The frigate was built in 1972 and entered service five years later. Among her armoury are 6 Exocet MM 38 missiles and there is a 155m² helicopter hanger, where she can carry up to two Lynx helicopters.

De Grasse is moored at Ocean Pier (berth 35) which is nearly opposite the Poolbeg Yacht & Boat Club Marina, Ringsend. She is scheduled to remain in port until Tuesday morning.

 

Published in Naval Visits

Fastnet Yacht Race 

This race is both a blue riband international yachting fixture and a biennial offshore pilgrimage that attracts crews from all walks of life:- from aspiring sailors to professional crews; all ages and all professions. Some are racing for charity, others for a personal challenge. For the world's top professional sailors, it is a 'must-do' race. For some, it will be their first-ever race, and for others, something they have competed in for over 50 years! The race attracts the most diverse fleet of yachts, from beautiful classic yachts to some of the fastest racing machines on the planet – and everything in between. The testing course passes eight famous landmarks along the route: The Needles, Portland Bill, Start Point, the Lizard, Land’s End, the Fastnet Rock, Bishop’s Rock off the Scillies and Plymouth breakwater (now Cherbourg for 2021 and 2023). After the start in Cowes, the fleet heads westward down The Solent, before exiting into the English Channel at Hurst Castle. The finish is in Plymouth, Devon via the Fastnet Rock, off the southern tip of Ireland.

  • The leg across the Celtic Sea to (and from) the Fastnet Rock is known to be unpredictable and challenging. The competitors are exposed to fast-moving Atlantic weather systems and the fleet often encounter tough conditions
  • Flawless decision-making, determination and total commitment are the essential requirements. Crews have to manage and anticipate the changing tidal and meteorological conditions imposed by the complex course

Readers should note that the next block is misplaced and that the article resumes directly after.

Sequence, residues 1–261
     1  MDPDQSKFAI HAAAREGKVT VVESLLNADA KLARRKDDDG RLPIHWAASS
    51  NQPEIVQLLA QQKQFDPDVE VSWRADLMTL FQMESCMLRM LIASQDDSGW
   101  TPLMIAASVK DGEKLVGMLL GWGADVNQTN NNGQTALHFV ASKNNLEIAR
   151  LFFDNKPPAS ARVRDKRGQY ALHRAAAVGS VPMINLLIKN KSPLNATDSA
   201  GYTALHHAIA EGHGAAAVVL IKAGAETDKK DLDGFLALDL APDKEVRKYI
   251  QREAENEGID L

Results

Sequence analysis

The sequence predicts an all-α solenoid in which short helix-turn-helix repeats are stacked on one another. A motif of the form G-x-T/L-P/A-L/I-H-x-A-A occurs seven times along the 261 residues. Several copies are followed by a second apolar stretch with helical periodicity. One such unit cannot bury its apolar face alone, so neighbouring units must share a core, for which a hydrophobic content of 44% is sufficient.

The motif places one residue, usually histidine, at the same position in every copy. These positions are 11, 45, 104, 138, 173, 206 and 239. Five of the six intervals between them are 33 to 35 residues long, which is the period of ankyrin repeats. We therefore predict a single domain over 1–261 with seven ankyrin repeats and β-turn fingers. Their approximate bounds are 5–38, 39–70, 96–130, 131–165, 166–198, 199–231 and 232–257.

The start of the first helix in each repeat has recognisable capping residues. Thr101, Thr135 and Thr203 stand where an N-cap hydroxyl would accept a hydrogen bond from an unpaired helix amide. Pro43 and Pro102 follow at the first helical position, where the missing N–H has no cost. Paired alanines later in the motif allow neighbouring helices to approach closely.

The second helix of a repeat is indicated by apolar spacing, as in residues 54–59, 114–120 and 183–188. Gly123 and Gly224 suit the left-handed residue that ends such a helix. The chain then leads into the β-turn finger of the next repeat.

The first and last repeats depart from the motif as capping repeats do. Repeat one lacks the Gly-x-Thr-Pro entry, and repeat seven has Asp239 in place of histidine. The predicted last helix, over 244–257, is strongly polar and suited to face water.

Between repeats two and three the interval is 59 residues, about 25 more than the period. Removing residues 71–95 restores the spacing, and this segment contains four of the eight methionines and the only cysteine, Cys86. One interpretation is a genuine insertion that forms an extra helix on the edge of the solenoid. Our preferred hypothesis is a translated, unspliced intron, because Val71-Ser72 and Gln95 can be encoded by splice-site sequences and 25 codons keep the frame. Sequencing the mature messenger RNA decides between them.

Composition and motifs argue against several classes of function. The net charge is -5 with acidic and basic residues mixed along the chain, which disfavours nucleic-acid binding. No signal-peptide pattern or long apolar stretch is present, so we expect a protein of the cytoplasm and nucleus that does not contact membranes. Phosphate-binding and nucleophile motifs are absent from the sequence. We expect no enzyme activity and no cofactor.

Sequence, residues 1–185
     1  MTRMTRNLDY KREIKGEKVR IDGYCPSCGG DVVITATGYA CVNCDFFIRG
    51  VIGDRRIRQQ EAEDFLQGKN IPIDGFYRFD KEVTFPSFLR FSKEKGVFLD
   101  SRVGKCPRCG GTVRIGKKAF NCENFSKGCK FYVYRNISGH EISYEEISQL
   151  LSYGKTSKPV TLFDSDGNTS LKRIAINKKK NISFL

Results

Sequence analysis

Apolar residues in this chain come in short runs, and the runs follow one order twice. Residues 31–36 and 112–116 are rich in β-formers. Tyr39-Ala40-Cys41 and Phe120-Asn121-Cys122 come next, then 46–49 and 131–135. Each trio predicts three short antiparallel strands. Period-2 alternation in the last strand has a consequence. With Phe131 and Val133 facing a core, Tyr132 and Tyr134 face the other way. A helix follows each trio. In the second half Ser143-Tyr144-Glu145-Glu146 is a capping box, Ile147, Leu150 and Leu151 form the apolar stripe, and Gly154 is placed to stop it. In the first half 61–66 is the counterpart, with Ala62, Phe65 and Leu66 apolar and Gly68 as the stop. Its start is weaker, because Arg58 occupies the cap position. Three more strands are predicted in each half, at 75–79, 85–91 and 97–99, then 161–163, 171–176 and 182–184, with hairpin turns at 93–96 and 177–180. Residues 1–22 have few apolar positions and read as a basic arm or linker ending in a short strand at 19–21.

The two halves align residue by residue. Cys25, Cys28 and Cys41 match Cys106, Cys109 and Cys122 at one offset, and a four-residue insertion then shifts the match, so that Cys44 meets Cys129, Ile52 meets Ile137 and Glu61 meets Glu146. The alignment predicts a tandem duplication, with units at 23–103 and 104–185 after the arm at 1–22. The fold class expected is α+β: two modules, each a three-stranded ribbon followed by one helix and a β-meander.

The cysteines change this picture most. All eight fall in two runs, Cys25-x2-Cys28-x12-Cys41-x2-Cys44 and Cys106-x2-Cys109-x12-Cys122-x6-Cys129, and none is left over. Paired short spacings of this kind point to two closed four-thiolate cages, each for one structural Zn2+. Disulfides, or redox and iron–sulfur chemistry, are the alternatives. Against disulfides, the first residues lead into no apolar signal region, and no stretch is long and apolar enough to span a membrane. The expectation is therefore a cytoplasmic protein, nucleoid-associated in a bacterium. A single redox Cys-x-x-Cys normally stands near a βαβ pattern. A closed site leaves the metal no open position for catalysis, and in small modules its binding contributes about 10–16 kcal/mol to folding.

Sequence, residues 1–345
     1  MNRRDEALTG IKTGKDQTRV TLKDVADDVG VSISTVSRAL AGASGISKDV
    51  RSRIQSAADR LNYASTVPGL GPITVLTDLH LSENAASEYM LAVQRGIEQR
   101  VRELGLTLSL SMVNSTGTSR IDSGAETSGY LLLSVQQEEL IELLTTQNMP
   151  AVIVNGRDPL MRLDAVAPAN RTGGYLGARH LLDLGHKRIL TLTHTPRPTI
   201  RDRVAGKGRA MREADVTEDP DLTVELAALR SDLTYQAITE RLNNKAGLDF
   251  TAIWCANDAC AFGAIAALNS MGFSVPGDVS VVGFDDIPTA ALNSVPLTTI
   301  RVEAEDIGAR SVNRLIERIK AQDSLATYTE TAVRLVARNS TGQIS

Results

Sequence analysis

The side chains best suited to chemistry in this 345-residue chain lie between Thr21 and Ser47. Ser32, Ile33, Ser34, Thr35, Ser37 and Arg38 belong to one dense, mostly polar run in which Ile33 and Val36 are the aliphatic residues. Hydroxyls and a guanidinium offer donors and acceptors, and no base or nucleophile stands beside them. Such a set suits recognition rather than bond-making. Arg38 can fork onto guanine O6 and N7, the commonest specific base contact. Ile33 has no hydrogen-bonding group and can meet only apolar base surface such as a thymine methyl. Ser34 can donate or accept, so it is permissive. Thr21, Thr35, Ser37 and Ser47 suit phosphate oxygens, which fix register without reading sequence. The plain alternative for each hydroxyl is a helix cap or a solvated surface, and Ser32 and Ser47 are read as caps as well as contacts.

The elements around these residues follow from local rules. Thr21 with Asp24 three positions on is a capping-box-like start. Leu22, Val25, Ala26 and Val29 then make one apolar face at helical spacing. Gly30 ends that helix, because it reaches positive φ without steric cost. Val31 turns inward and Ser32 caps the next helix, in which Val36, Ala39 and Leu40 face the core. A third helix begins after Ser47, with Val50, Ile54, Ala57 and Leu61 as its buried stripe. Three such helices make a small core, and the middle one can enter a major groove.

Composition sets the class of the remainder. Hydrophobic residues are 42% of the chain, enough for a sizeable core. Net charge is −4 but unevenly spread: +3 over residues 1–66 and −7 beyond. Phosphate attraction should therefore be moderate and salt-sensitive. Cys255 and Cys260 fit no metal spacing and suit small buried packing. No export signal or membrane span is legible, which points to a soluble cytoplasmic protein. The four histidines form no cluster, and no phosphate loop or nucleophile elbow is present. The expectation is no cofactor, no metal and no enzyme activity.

• The symbol of the race is the Fastnet Rock, located off the southern coast of Ireland. Also known as the Teardrop of Ireland, the Rock marks an evocative turning point in the challenging race
  • Once sailors reach the Fastnet Rock, they are well over halfway to the finish in Plymouth.
  • The lighthouse first shone its light on New Year’s Day in 1854
    Fastnet Rock originally had six keepers (now unmanned), with four on the rock at a time with the other two on leave. Each man did four weeks on, two weeks off

At A Glance – Fastnet Race

  • The world's largest offshore yacht race
  • The biennial race is 605 nautical miles - Cowes, Fastnet Rock, Plymouth
  • A fleet of over 400 yachts regularly will take part
  • The international fleet is made up of over 26 countries
  • Multihull course record: 1 day, 8 hours, 48 minutes (2011, Banque Populaire V)
  • Monohull course record: 1 day, 18 hours, 39 minutes (2011, Volvo 70, Abu Dhabi)
  • Largest IRC Rated boat is the 100ft (30.48m) Scallywag 100 (HKG)
  • Some of the Smallest boats in the fleet are 30 footers
  • Rolex SA has been a longstanding sponsor of the race since 2001
  • The first race was in 1925 with 7 boats. The Royal Ocean Racing Club was set up as a result